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Poor support, integration issues, and acquisition by another vendor are all reasons to consider switching your EHR vendor.
Whether you’ve been with the same vendor since the beginning of your EHR journey or your practice has been through a few implementations, it’s important to consider if your current EHR is meeting your needs or not.
CMS is constantly issuing updates, which is why your EHR has to be nimble, said Andrew Bronstein, an orthopedic hand surgeon in Las Vegas. With a cloud-based system, he can log in and have access to the latest software updates as soon as they’re available. His advice? If your EHR isn’t cloud-based, you might want to consider shopping around for a new system.
Here are four more reasons you might want to consider leaving your current EHR vendor:
If your billing system and your EHR - essentially, the lifeblood of your practice - aren’t integrated, then ditch your current EHR vendor, said Derek Kosiorek, principal consultant with the Medical Group Management Association’s Healthcare Consulting Group. “You want as few vendors and interfaces as you can, it just makes it easier.”
What matters is where the data is housed, said Kosiorek. If you have the same vendor for your billing system and EHR, chances are that all of your patients’ information will be stored in one database. This makes the information easy to find and work with. If you’re working with interfaces, you have to get data from one database into another.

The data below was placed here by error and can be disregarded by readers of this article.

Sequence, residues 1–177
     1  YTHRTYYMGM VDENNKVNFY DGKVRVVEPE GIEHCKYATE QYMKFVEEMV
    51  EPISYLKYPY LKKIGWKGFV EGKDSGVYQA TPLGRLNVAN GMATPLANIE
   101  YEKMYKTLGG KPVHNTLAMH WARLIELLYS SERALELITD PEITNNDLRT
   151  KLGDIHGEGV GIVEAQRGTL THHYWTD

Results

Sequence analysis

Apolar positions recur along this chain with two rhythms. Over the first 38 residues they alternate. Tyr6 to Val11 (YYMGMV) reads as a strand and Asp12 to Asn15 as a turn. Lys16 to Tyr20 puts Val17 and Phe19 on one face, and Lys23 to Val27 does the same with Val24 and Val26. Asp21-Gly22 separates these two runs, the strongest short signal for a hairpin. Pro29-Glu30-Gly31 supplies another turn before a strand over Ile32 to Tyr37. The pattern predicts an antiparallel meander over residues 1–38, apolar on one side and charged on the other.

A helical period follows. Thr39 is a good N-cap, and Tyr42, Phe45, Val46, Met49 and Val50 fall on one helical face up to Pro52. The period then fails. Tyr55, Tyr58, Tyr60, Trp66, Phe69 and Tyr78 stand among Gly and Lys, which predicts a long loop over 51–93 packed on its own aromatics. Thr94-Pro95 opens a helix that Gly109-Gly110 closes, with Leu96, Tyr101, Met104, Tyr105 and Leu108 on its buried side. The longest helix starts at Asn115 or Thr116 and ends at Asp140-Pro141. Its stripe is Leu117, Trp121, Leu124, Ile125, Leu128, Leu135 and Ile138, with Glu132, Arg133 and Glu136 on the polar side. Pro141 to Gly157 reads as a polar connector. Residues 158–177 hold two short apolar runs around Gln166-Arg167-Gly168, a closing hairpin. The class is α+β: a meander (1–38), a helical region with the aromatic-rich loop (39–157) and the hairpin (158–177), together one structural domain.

What you want is a single point of failure, a single vendor to talk to, said Kosiorek. If you have multiple vendors, each vendor is going to blame the other.
Poor support experience
If your EHR vendor doesn’t provide robust support, you should consider shopping around, according to Bronstein. “There are certain times when you need to get someone from support on the phone,” he said.
This is particularly relevant when a problem with the EHR is having an impact on how you’re charting or coding. “That can have an economic impact on your practice,” he said.
Vendor acquired by another company
Then, of course, there are market dynamics to consider and health IT is hot. Kosiorek said he hadn’t heard of any EHR vendor that’s been acquired whose EHR was properly supported or maintained over the long term.
“Smaller vendors are just ripe for a buyout,” he said. Acquiring companies aren’t looking at a five-year plan for your EHR. In all likelihood, they’re looking to increase their market share and then move physician practices to their platform, he said.
Inflexible EHR and uncooperative vendor
Jeff Hawley, principal at Impact Advisors, concedes that most physicians complain about productivity issues as a result of having to use an EHR. Still, if your vendor isn’t willing to work with you and help meet your practice’s need for a more flexible system, it’s probably a good reason to consider talking to other vendors.